On May 5 2019, the Associated Press released an article covering Madonna’s emotional speech at the GLAAD Awards the previous night:
NEW YORK (AP) — Madonna, a pioneer for gay rights, accepted the Advocate for Change Award at the 2019 with a rousing speech that went from playful to emotional, bringing the audience to its feet.
The 60-year-old pop icon turned heads as she walked to her table at the Hilton Midtown in New York on Saturday night, before taking the stage to celebrate her three decades of advocacy work in the LGBTQ community.
“Why have I always fought for change? That’s a hard question to answer. It’s like trying to explain the importance of reading or the need to love. Growing up I always felt like an outsider, like I didn’t fit in. It wasn’t because I didn’t shave under my armpits, I just didn’t fit in, OK,” she said. “The first gay man I ever met was named Christopher Flynn. He was my ballet teacher in high school and he was the first person that believed in me, that made me feel special as a dancer, as an artist and as a human being. I know this sounds trivial and superficial, but he was the first man to tell me I was beautiful.”
Madonna went on to say Flynn took her to her first gay club in Detroit, and that the evening changed her life.
“For the first time I saw men kissing men, girls dressed like boys, boys wearing hot pants, insane, incredible dancing and a kind of freedom and joy and happiness that I had never seen before,” she said. “I finally felt like I was not alone, that it was OK to be different and to not be like everybody else. And that after all, I was not a freak. I felt at home, and it gave me hope.”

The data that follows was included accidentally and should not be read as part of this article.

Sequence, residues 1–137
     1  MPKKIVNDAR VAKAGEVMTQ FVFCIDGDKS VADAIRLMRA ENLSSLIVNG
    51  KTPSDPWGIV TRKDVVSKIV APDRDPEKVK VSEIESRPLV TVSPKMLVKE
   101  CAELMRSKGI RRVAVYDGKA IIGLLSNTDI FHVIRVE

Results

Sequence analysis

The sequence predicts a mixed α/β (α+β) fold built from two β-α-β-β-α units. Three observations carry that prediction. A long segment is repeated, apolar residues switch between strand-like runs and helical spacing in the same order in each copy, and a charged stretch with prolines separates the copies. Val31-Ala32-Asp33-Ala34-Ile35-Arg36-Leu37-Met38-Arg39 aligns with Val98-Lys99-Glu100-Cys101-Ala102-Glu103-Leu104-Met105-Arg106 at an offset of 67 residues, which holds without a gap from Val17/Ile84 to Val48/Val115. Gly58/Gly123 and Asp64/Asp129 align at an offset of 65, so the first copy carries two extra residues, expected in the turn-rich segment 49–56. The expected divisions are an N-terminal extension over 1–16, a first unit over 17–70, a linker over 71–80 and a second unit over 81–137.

Madonna also said Flynn pushed her to leave Michigan and go to New York to pursue her dreams. And when she arrived in the Big Apple in 1977, she was in awe with all New York had to offer — diversity, creativity — but she also learned about the AIDS epidemic.
“The plague that moved in like a black cloud over New York City and in a blink of an eye,” she said and snapped her fingers, “took out all of my friends.”
“After I lost my best friend and roommate Martin Burgoyne and then Keith Haring — happy birthday Keith — I decided to take up the bull horn and really fight back,” she added.Gay
Madonna, teary-eyed from her seat, received the award from Anderson Cooper, Mykki Blanco and Rosie O’Donnell, who gave a powerful speech about how Madonna helped her become more comfortable in her own skin.
“So here I was — VG, very gay — dating a man and I went to Madonna for advice,” said O’Donnell, who co-starred in 1992′s A League of Their Own with the singer. “I was questioning and unsure, my gay life was blossoming but I didn’t quite know what to do. And she told me, ‘Rosie, just follow your heart’ — advice I still follow to this day.”
The multi-hour GLAAD event also gave awards to Andy Cohen, the FX series Pose and The Assassination of Gianni Versace: American Crime Story, Samantha Bee, the film Boy Erased, CNN’s Don Lemon and R&B singer Janelle Monae. The event will air on Logo on May 12.
Despite winning seven Grammys, two Golden Globes and countless other honors, Madonna said getting GLAAD’s Advocate for Change Award has a special place in her heart.
“Because it’s recognition of years and years of work that I’ve done over three decades. It’s not anything superficial,” Madonna said in an interview with The Associated Press after receiving her honor. “It means something to me because I put a lot of blood, sweat and tears into all the work that I’ve done over the years advocating for change.”
On December 28 1992, Madonna was named one of the 25 Most Intriguing People In The World For 1992 by People magazine.